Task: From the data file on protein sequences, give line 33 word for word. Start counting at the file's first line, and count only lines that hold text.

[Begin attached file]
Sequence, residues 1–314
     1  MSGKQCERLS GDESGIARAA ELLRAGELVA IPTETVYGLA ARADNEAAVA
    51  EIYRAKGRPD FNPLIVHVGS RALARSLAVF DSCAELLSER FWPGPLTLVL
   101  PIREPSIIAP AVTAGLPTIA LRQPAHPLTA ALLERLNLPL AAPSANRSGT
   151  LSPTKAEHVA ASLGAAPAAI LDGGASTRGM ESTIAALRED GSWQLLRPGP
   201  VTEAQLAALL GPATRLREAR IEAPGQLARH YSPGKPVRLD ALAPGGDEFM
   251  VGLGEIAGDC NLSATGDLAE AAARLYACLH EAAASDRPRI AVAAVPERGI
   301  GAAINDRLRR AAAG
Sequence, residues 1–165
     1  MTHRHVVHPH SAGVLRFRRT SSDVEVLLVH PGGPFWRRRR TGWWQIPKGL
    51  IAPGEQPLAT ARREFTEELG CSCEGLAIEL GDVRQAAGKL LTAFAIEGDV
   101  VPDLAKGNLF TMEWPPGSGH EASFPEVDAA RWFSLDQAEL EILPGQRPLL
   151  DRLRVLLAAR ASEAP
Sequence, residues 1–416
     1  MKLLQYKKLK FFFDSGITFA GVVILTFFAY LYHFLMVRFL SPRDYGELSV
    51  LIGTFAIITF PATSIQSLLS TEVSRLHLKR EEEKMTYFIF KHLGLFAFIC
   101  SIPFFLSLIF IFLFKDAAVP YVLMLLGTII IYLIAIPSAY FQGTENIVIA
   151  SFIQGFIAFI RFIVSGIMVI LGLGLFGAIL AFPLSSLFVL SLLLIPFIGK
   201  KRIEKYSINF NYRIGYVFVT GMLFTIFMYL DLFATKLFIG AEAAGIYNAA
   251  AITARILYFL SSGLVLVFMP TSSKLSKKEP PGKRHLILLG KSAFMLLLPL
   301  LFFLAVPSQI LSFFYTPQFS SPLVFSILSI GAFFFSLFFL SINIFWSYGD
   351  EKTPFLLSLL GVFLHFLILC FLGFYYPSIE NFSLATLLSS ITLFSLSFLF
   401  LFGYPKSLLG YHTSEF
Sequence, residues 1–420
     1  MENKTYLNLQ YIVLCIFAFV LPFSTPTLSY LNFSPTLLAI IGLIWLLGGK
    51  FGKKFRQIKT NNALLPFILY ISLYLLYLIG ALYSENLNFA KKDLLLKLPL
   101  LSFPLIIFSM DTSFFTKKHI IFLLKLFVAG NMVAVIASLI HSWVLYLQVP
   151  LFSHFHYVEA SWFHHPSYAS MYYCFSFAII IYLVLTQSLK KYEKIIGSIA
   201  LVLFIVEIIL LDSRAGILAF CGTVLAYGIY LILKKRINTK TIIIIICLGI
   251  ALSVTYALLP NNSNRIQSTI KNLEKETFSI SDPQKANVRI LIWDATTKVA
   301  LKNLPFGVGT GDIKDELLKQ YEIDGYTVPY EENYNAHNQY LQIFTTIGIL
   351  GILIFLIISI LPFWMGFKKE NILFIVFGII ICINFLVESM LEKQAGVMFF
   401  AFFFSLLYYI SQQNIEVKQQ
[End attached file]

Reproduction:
   401  AFFFSLLYYI SQQNIEVKQQ